since moved to the National University of Singapore.">

By Steve Pointing 09/09/2015


 

Two pieces of research news this week highlight how, in science, bad things can outwardly seem a good idea and good things can sometimes sound scary! 

First the ‘good’ – a team at Queensland University of Technology have been developing an underwater robot that can kill starfish – doesn’t sound that good does it?  Well, this very clever invention is an autonomous submarine that can identify the pesky crown of thorns starfish against a background of coral and other sea creatures, and then administer a lethal injection of saline solution to kill them.  The reason for this is that the crown of thorns starfish is a voracious predator of coral polyps, and population numbers have exploded due to nutrient runoff from land and other factors, which is decimating corals worldwide.  Estimates are that up to 50% of coral senescence is due to this starfish.  This is good news because corals will be saved, but even more ‘goodness’ becomes apparent when you compare this to the disastrous impact of ‘real’ introduced animals as predators of pests – often they have end up being a greater problem themselves!  When viewed in this context the ‘terminator’ approach to crown of thorns starfish is therefore not such a scary idea after all!  Once populations are reduced to an acceptable level the robots can be called off, but that is pretty much impossible with an introduced predator! Follow QUTs starfish killing terminator on their wiki: https://wiki.qut.edu.au/display/cyphy/COTSBot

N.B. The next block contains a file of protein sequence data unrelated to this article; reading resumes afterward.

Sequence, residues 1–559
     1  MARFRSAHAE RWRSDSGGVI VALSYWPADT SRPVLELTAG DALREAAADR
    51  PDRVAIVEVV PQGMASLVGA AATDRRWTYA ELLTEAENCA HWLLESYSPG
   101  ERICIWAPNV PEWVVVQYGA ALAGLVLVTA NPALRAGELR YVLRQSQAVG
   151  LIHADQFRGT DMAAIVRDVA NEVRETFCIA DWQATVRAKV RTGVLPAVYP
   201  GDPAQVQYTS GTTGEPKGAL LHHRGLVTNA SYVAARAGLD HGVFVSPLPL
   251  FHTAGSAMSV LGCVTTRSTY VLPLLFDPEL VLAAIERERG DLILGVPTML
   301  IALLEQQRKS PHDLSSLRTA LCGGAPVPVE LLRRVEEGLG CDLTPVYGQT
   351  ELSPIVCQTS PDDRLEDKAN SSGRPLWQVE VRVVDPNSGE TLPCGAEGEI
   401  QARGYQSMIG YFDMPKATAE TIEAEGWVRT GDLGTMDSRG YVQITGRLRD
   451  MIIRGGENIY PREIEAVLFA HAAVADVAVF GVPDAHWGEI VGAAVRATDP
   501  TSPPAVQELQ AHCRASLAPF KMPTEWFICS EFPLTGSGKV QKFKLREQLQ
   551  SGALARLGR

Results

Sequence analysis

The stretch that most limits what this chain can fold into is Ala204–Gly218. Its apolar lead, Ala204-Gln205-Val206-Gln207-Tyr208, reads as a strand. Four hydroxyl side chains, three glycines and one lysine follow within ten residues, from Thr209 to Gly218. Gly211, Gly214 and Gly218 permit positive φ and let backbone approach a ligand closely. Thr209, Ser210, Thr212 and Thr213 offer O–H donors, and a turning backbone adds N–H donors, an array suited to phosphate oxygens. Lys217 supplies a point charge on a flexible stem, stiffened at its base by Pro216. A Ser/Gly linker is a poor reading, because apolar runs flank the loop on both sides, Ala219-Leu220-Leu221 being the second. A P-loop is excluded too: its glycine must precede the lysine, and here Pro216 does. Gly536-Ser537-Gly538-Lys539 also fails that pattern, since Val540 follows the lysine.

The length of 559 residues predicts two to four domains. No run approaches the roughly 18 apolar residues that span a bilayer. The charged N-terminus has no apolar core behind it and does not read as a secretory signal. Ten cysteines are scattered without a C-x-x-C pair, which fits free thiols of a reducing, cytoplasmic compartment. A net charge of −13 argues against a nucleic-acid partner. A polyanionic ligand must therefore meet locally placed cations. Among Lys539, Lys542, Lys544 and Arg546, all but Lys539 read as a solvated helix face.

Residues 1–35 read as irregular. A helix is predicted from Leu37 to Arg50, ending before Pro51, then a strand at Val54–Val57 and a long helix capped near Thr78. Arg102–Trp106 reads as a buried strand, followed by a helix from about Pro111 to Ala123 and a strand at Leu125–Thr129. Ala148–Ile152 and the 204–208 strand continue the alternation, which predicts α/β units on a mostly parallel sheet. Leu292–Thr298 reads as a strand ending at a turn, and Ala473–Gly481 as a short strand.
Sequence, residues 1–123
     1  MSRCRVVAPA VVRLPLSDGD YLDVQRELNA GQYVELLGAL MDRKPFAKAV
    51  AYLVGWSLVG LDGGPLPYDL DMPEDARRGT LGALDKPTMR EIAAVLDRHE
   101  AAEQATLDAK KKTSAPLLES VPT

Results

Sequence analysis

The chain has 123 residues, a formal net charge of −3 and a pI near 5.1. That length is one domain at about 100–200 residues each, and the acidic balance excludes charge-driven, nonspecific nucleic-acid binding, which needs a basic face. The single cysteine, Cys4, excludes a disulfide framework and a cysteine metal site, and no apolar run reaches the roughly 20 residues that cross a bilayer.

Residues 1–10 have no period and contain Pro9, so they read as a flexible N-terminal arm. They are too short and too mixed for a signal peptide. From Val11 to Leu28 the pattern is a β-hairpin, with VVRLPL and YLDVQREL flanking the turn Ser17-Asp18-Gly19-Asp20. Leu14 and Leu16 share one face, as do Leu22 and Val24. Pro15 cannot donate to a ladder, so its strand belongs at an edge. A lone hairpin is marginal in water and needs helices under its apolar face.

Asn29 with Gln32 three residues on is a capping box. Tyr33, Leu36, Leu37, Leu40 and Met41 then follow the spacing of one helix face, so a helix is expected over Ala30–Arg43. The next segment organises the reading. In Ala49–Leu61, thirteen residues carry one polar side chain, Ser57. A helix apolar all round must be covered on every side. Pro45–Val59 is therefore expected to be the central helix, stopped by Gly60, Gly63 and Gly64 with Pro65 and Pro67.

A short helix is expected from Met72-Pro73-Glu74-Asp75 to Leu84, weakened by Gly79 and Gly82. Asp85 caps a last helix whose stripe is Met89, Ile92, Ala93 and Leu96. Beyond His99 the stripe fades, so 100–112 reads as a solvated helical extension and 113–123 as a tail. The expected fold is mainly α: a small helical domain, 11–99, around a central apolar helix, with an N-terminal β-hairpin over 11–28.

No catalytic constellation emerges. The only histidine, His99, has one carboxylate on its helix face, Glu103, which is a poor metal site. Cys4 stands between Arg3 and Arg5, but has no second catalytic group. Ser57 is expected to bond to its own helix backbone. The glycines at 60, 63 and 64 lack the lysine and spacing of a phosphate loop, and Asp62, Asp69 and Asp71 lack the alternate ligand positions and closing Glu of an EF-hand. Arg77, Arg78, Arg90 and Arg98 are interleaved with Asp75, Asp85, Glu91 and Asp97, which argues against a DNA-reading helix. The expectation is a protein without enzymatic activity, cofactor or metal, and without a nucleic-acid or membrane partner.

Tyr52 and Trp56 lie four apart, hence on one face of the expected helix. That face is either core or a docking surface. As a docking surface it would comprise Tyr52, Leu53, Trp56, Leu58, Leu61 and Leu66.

The second shows how something that sounds good can, at a stretch, become something that is potentially ‘bad’!

A team at UC Berkeley report this week they have created an artificial leaf that produces a fuel (methane) using semi-conducting nanowires and bacteria in a ‘bio-inorganic’ interface (http://www.pnas.org/content/early/2015/08/18/1508075112).  The PNAS article reports how the photoactive nanowires produce hydrogen that is then utilised by the bacteria to fix carbon into fuel molecules (rather than sugar molecules as in ‘normal’ photosynthesis). This is an excellent piece of research and represents an important step towards renewable fuels, but I am a little worried about the ‘spin’ this research area has attracted in some press reports implying that humanity may be able to ‘reverse’ climate change using artificial leaf technology to soak up carbon emissions. (e.g. http://www.bbc.com/future/story/20121004-fake-trees-to-clean-the-skies, http://www.informationweek.com/it-life/artificial-leaf-might-be-key-to-reversing-climate-change/a/d-id/1319459).

This is crazy, not least because the technology to achieve this would have to process trillions of tonnes of carbon annually and this is simply not practical in terms of resources or logistics. It makes greater sense to plant more trees and maintain healthy oceanic productivity. They not only utilise carbon dioxide but they also capture vast amounts of dust and act as reservoirs for biodiversity as well as supporting food webs – things an artificial leaf could never do.  Promulgating the notion that humans can ‘fix’ climate change using technology in this way is reckless reporting at a time when science unequivocally shows that drastically reduced emissions and better environmental stewardship are urgently needed. Anything that attempts to detract from that clear fact is, dare I say it, ‘bad’!

Image credit: Orion Pictures